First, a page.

At the end, when all is said and done, there comes a desire to reflect. Everybody wants to look back on the life they’ve lived, the things they’ve done; they want to contrast the final realities with all their prior youthful expectations and dreams. What panned out? What didn’t? Is this what they really wanted in the end? Are they happy with this? Is this what they did all they did for? You take stock, or at least you try to.
I certainly saw it happen with my grandfather, and I see it again with my father, as he now speaks of his many regrets, and the things he wishes he’d done differently. I understand them, the two of them, in my own limited way; I can only imagine how a whole lifetime’s worth of burdens and regrets add up as it feels like the end is closer than the beginning ever was.
When I see old man Darius Shah, dying, in his 60’s, I see my father and grandfather, and I understand. But at the same time, I envy him.
Darius too has many regrets, a whole lifetime of them – including how he handled and broached being a father, mired in his own self-destructive spiral – but he also has something neither my grandfather or father do: true contentment with his life. It’s not that he doesn’t have regrets or mistakes; he’s just accepted all of them, and has found true happiness in just… living. Day by day, step by step, without being crushed by the weight and burdens of expectations held onto across a lifetime.
He’s also no longer at odds with Laila Starr, this girl he’d almost put out of business by inventing immortality years earlier. He’d rejected immortality, ultimately, realizing such a thing would defeat the point of living, which is defined so because it is limited.
The Death Of Illusions is the powerful final epiphany of life, the one after which Death comes to finally take us away. Darius dies, content, sharing one final exchange with his son Neel to let him know he does wish he could’ve been a better father to him.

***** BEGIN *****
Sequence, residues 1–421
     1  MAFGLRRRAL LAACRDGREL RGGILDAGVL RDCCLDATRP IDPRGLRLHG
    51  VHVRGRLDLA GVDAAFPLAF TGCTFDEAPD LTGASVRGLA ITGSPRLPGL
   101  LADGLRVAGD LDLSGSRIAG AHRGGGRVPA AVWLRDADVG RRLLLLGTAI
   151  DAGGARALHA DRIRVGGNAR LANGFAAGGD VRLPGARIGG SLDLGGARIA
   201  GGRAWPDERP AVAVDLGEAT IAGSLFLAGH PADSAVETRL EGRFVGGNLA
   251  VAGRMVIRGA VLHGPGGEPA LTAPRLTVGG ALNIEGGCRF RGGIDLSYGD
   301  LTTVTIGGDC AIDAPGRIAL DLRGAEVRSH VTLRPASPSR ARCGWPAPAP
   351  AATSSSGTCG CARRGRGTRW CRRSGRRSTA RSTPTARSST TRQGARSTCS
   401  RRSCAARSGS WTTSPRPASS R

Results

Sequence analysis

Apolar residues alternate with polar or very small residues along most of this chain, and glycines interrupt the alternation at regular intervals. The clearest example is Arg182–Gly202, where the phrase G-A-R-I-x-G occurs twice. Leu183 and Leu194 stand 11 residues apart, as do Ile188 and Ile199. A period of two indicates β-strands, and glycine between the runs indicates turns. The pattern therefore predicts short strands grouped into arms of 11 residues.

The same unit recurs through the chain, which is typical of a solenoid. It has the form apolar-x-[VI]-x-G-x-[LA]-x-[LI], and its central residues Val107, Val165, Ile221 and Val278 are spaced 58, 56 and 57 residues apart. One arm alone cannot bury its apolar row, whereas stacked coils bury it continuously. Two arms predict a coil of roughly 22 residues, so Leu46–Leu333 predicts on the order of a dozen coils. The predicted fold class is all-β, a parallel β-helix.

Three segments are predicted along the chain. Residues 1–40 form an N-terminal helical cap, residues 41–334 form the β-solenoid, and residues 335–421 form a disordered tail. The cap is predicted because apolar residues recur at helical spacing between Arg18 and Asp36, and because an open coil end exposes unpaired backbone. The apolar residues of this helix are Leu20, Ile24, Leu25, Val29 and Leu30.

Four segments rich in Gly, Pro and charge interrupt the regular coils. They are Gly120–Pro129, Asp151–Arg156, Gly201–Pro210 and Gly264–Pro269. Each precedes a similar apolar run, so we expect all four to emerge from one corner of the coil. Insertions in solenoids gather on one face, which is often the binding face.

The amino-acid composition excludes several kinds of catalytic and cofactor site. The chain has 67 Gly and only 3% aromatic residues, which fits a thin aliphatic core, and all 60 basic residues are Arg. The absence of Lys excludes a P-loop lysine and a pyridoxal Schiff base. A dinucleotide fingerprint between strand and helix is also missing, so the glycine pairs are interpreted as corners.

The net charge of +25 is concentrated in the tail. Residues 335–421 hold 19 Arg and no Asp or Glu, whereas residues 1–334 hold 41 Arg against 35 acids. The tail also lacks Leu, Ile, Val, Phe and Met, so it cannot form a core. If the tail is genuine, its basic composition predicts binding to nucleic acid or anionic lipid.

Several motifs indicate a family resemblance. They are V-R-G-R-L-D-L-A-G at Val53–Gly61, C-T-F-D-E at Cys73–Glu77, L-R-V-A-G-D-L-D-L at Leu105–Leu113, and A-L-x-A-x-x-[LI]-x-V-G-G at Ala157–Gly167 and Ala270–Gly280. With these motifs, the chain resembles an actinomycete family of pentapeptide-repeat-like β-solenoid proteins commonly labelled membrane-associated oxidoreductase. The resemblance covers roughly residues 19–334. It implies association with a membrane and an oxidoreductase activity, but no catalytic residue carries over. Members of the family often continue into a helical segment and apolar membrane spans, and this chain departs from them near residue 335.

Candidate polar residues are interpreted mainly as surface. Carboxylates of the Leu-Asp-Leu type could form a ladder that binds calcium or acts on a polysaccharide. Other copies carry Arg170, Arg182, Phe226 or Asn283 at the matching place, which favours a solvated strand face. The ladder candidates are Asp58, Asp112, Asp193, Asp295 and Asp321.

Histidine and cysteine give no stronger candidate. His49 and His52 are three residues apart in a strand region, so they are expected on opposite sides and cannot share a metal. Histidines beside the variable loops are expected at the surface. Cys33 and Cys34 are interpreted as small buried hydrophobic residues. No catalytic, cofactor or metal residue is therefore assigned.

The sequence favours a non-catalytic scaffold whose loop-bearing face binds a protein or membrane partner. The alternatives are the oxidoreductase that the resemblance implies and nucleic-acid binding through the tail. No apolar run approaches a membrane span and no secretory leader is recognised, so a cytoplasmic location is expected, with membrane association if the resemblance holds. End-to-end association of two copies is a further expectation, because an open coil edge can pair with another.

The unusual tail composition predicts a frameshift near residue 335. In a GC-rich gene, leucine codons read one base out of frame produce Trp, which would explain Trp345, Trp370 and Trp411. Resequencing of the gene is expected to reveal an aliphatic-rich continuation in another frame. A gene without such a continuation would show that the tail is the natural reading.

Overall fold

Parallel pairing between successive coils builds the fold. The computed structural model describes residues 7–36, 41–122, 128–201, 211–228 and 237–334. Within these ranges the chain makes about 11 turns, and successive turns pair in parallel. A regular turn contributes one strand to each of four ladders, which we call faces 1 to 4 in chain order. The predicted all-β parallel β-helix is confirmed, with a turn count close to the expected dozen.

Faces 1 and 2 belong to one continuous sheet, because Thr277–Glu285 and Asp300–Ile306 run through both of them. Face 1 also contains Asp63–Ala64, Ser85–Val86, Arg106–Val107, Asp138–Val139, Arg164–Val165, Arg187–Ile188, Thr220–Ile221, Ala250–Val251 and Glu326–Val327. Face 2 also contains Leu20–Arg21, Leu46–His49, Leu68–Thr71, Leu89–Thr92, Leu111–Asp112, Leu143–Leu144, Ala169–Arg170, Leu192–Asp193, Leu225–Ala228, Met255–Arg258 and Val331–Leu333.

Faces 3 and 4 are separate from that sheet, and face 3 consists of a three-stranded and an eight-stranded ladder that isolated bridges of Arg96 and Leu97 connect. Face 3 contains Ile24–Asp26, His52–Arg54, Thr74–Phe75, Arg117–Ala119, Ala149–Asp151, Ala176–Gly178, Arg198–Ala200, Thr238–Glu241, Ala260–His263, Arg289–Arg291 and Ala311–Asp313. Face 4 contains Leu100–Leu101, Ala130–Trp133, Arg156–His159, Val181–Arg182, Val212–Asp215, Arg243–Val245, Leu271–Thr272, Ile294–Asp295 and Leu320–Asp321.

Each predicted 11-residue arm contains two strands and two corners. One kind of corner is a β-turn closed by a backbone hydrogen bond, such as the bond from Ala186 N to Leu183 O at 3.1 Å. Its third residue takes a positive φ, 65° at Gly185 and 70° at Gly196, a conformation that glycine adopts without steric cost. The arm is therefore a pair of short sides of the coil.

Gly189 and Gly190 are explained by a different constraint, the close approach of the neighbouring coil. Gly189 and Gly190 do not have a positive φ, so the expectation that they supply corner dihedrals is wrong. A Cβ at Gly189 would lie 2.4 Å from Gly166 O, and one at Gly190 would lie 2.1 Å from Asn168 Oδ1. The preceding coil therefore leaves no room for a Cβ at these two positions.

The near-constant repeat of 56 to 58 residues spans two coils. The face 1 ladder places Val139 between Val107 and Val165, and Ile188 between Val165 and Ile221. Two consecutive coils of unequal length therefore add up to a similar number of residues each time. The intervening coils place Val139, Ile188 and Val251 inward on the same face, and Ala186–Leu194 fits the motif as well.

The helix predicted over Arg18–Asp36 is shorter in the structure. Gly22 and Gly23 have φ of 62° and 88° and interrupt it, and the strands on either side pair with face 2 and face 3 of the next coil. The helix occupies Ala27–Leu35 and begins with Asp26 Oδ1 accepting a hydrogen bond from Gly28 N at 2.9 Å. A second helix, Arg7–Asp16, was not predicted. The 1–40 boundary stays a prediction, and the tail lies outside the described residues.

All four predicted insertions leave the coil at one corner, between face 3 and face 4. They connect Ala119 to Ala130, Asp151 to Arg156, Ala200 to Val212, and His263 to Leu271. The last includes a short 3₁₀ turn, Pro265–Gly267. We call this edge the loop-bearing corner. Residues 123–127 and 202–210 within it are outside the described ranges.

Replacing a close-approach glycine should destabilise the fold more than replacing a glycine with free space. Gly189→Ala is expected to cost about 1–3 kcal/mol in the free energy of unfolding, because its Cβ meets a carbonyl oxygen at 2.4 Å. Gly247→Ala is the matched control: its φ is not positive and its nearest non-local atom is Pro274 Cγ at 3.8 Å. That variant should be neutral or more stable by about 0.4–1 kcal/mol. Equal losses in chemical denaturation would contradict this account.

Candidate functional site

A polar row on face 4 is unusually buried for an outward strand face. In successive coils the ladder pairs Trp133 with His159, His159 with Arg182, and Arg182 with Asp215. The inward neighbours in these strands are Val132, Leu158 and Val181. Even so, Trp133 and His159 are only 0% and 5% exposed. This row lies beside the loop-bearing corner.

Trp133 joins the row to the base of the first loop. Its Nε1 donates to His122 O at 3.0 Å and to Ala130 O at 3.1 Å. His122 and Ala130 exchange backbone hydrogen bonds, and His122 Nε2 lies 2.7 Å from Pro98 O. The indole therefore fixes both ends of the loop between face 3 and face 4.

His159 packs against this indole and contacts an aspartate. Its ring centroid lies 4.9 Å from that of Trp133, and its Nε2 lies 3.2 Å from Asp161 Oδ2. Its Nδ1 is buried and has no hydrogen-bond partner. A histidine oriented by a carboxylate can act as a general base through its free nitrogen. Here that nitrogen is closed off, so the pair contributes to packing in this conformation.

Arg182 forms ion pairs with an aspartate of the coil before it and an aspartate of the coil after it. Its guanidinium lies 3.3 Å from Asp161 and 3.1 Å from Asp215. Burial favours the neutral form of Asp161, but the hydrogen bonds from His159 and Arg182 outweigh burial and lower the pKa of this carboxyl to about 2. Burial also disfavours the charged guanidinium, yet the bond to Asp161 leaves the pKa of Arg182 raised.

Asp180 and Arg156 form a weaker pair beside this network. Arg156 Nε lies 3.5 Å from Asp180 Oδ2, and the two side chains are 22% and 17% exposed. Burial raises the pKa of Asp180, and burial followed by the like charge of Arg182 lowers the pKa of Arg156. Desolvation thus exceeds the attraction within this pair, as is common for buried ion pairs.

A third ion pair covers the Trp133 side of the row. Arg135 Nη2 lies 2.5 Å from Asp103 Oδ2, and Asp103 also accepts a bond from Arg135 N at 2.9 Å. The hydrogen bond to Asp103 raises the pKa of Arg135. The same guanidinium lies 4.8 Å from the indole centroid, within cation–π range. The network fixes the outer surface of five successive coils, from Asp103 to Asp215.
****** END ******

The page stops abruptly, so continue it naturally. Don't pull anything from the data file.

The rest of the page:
Darius got to live his final days the way I wish my grandfather had gotten to. He passed away without any such clarity or peace; he passed away unhappy, discontent, and no longer the man I’d once known. There were no great, meaningful final words or grand moment of epiphany. It just happened. It was sudden; one moment he’d been there, another he was gone. I understand why I envy Neel and Darius, who got to have that final moment. Darius may die, but Neel will forever carry on, with that memory. He will remember his father. And eventually when Neel himself passes, those after him will remember him.
Death may be the end of life, but it is not the absence of life. Life is passed on from people to people, in the time spent, in the stories told, in the words exchanged. Life is defined by our experiences with various forms of death, until its ultimate form visits us in the end. And when it finally does? When it’s all over? That is the moment people come together to remember a life lived, to cherish the memories and remnants that still persist from it.
Death’s sadness does not ever erase the beauty of life, it only helps illuminate it.
It’s why Neel and Darius’ farewell is touching. I can only hope when the time comes, I get to have that with my father; I don’t want to say goodbye without holding his hand and speaking to him one last time. It’s the one thing I hope life grants me. It’s not death that scares me; it’s not getting that chance or moment. It’s life without him there, even if just to yell at me sometimes, to argue.
That’s the truth of death isn’t it? We just have to live with it, every step of the way. We have to experience its various forms, across various stages in life, and live on. We don’t get to choose when it comes or how, all we get to do is hold onto little moments: moments of grace, of solace, of beauty, that ennoble our soul. Moments that give us comfort and strength, and help us go on.
It’s why I want that one last moment when Death inevitably arrives for my father at the end.
I want to be able to hear those final words in defiance of Death. I want to be able to say goodbye, and listen, one last time, like a foolish child again. It’s why I hope to hold onto one last thing. One last thing to remember, when it is time.